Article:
return (
    <div>
        <p>Count is {count}</p>
        <button onClick={() => setCount(count + 1)}>increment</button>
        <button onClick={() => setWidth(width + 1)}>width</button>
    </div>
);

useEffect only on mount

If you only want to use an effect on the mount and unmount, then you pass an empty array.

useEffect(() => {
    console.log("on mount")

    return () => console.log("on unmount");
}, [])

Cleanup with useEffect

You can return a function inside the effect which will get invoked on an unmount and after each render. If you need to clean up anything, you would add that logic inside the returned function because that function will get called before the next effect.

import React, { useState, useEffect } from 'react';

function Counter() {
    const [count, setCount] = useState(0);
    
    useEffect(() => {
        console.log(count);
        
        return () =>  {
            // clean stuff
            console.log('just cleaned!')
        };
    })
    
    return (
        <div>
            <p>Count is {count}</p>
            <button onClick={() => setCount(count + 1)}>increment</button>
        </div>
    );
}

3. Custom Hook

We can create our own hooks which allow us to extract common logic used across our components. Reusing the logic with hooks makes it easier to follow the DRY principle.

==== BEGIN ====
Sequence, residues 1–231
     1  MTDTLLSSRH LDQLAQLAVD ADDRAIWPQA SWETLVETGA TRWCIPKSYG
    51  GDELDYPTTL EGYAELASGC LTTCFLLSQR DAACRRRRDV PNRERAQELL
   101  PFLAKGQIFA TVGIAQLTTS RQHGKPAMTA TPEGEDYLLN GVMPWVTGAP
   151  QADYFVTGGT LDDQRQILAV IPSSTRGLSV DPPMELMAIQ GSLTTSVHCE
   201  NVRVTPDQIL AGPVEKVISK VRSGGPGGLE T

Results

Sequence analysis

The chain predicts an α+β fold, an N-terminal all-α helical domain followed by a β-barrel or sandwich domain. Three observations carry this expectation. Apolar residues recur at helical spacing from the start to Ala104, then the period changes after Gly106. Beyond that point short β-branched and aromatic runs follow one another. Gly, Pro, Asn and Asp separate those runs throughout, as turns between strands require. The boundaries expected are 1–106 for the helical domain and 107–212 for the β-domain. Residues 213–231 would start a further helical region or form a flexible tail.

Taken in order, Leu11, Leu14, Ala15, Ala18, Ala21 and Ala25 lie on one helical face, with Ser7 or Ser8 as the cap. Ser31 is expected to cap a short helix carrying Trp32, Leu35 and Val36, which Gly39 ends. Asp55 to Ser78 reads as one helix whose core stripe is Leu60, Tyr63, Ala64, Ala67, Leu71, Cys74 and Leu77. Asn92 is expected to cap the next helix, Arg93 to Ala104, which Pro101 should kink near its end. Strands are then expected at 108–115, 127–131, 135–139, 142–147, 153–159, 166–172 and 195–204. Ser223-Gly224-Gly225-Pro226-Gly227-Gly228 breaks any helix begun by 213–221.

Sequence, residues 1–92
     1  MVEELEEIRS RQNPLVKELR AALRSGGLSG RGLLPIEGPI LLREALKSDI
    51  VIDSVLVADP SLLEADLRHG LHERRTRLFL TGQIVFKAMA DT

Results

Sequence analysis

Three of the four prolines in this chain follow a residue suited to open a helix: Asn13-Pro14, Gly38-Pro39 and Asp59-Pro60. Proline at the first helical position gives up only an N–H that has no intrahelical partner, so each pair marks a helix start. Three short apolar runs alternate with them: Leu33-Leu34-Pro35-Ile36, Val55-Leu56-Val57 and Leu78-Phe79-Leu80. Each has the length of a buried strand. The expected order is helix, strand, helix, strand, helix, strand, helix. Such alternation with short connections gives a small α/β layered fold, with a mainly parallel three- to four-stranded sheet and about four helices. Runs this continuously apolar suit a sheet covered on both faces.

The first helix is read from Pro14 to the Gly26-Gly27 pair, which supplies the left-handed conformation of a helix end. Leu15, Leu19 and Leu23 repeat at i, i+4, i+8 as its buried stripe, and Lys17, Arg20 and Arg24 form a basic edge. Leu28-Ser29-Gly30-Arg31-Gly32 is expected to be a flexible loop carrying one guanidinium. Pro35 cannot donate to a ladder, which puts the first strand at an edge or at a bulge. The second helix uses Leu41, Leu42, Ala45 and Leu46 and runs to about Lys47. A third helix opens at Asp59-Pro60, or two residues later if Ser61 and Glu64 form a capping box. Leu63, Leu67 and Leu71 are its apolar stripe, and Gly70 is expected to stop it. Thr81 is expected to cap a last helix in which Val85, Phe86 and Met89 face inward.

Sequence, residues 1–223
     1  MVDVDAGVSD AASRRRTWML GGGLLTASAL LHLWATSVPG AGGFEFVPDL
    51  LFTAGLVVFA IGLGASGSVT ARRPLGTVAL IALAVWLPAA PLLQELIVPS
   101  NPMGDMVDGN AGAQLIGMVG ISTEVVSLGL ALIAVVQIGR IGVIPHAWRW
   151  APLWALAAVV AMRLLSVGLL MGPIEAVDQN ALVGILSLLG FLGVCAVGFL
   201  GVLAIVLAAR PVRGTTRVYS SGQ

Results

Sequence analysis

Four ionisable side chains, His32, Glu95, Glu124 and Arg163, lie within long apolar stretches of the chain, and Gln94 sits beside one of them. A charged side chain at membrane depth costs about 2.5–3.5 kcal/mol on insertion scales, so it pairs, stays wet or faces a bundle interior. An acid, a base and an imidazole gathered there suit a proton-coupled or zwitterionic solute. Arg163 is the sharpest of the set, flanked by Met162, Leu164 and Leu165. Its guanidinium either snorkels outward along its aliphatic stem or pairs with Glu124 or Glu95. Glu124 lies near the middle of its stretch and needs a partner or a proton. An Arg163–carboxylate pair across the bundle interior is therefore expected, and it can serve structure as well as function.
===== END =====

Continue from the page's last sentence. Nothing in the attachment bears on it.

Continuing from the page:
You can call other hooks like useState, useEffect, and so on, inside your custom hook. A hook is just a function, so you can return whatever you'd like with your custom hook. You have a lot of freedom, but you should always prefix your custom hook's name with "use" to make it clear that it's a hook.

Custom Hook Example

This code is only for illustration purposes, focus on how we with useValidInput extracted some logic:

// our custom hook
function useValidInput(defaultValue = '') {
  const [value, setValue] = useState(defaultValue);

  if (value.includes('?')) {
    return [value, setValue, false];
  }

  return [value, setValue, true];
}

// component
function UserLogin() {
  const [value, setValue, isValid] = useValidInput();

  return (
    <div>
        <h3>User login</h3>
        {isValid ? <p>good input</p> : <p>bad input</p>}
        <input value={value} onChange={(e) => setValue(e.target.value)}/>
    </div>
  );
}

// component
function AdminLogin() {
  const [value, setValue, isValid] = useValidInput();

  return (
    <div>
        <h3>Admin login</h3>
        {isValid ? <p>good input</p> : <p>bad input</p>}
        <input value={value} onChange={(e) => setValue(e.target.value)}/>
    </div>
  );
}

Review

Creating stateful components that can use React features with functions and hooks instead of ES6 "classes" can bring joy to a lot of JS-developers. But there's more to hooks:

  • Hooks let us add state to our stateless function components without refactoring to classes.
  • Hooks gives us a new way to think about how we handle state in our components.
  • Hooks gives us a more primitive way of sharing stateful logic.

This article only scratches the surface of hooks, there's more to it, but you should now have a good base to start using hooks. But before you do, don't forget to also look at the rules of hooks. If you're wondering about anything, then I'd recommend checking the Hooks FAQ or the docs for hooks.